Friday, December 4, 2009

Aunt Effie and Uncle Harold

Who could forget Aunt Effie? If you were born before 1975 you most likely remember aunt Effie at all the holidays up at grandma and grandpa's house. She quickly became a fixture in our family, and she and grandma had become close friends. It wasn't always this way as they led separate lives.
Harold was grandpa's fraternal uncle. Uncle Harold was born on October 2, 1891, and he passed away in July of 1973. Aunt Effie was born September 2, 1891, and passed away on September 28, 1979. They had had one daughter, Mildred, born in 1912, who passed away at age 38 of heart complications. Mildred never had children.
In their earlier years, Harold and Effie had been friends with the great WWI flying ace, Eddie Rickenbacker. Harold and Effie ran in circles that were a bit above the ordinary, and their choice of friends reflected this. Somewhere in their early years they moved to Mount Vernon, Ohio, where both would work. Aunt Effie owned a millinery shop where she made and sold hats. They would eventually come back to Columbus where they bought a small, modest home at 6511 McGuffey Ave.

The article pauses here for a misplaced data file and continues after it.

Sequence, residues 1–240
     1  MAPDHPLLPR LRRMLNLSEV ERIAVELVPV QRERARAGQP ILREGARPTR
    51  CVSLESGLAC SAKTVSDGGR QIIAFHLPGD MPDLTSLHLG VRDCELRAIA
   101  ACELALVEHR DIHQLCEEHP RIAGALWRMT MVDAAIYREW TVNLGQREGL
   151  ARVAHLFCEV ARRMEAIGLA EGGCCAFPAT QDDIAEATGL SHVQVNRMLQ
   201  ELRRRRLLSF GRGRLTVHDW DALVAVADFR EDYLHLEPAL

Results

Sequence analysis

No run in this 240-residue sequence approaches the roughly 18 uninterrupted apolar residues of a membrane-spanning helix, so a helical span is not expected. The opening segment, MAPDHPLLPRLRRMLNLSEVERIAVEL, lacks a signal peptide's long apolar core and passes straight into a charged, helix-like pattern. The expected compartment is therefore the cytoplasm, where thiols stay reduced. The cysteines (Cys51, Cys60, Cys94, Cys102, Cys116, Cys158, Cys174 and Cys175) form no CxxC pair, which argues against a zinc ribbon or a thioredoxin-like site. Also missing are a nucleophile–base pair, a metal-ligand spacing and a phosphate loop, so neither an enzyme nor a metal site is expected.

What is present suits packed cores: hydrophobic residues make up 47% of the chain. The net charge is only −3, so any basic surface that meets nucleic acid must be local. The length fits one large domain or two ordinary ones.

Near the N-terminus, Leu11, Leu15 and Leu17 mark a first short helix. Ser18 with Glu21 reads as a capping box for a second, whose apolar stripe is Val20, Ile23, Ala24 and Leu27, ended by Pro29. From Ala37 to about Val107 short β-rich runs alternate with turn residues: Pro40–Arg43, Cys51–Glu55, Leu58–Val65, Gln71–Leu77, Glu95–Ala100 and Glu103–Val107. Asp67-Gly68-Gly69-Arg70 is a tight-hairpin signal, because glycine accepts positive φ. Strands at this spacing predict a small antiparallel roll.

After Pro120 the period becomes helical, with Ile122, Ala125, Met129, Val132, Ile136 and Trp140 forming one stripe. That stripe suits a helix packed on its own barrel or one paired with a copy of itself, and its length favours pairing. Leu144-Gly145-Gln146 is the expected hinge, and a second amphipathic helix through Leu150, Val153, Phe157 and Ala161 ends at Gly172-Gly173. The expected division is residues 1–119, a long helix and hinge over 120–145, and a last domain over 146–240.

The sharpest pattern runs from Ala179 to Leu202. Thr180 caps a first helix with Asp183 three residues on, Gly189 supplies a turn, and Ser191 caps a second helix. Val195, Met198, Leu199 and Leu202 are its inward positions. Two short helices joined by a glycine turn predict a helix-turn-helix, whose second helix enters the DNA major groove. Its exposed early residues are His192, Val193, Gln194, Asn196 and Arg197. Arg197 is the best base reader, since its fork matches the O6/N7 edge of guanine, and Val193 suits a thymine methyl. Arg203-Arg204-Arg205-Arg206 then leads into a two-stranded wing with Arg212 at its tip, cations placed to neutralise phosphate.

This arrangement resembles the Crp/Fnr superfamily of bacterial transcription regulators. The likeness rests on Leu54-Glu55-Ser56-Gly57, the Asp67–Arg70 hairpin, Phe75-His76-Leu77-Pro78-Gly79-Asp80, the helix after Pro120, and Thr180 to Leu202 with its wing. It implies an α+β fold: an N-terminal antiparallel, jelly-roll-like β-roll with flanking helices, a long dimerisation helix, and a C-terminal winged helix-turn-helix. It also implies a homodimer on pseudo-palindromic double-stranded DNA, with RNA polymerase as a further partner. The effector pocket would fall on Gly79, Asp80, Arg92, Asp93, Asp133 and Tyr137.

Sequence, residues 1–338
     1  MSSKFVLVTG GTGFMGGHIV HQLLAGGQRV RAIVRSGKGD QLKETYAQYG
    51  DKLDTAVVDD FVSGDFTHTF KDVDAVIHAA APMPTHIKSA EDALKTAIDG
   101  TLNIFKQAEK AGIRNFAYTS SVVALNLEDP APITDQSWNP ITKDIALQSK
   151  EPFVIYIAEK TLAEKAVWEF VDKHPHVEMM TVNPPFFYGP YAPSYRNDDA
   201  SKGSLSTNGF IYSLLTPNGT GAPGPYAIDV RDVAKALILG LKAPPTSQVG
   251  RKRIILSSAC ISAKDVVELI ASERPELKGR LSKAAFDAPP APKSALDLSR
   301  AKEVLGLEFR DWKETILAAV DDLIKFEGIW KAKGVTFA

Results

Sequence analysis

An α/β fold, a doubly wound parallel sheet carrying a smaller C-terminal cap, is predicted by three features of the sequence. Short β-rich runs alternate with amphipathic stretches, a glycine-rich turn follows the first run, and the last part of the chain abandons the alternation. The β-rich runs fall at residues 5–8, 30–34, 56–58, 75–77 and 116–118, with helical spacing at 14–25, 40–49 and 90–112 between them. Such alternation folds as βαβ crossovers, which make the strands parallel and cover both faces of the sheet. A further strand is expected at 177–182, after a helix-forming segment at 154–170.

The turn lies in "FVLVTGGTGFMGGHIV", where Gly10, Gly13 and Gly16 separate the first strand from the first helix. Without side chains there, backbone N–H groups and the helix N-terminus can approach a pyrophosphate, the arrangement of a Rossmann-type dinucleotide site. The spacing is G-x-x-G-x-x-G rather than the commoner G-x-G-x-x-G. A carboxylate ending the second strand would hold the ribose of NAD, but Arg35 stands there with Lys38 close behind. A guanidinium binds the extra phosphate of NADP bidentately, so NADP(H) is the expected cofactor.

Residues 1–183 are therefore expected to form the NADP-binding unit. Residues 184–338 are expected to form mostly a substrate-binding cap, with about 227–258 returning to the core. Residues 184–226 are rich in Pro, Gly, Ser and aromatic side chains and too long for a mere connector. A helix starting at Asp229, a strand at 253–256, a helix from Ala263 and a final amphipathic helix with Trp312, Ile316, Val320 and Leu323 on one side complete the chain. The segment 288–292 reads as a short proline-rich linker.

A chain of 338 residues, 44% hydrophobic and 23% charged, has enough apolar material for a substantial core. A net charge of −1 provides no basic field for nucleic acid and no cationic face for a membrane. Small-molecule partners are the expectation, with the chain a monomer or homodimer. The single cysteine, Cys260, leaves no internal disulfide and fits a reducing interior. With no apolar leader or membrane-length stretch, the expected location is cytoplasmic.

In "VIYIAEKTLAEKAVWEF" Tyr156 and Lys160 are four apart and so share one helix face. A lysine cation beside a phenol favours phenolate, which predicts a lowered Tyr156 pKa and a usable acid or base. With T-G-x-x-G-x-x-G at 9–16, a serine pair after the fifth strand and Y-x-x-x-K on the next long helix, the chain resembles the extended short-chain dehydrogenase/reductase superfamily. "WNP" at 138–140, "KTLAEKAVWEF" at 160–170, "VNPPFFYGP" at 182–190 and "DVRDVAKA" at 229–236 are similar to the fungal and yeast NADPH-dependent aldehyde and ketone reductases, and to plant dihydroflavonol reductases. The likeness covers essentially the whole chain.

Aunt Effie enjoyed cooking and baking. One of the things she was most famous for were her Sugar Cut Out cookies. The day after Thanksgiving, Aunt Effie would begin to make thousands of these cookies as she would make them up, roll them out, ice them, and give them away to the many people whom they knew. These cookies have become a standard in my holiday cookie baking as they are the best I've ever had. The recipe had originally come from Aunt Effie's mother.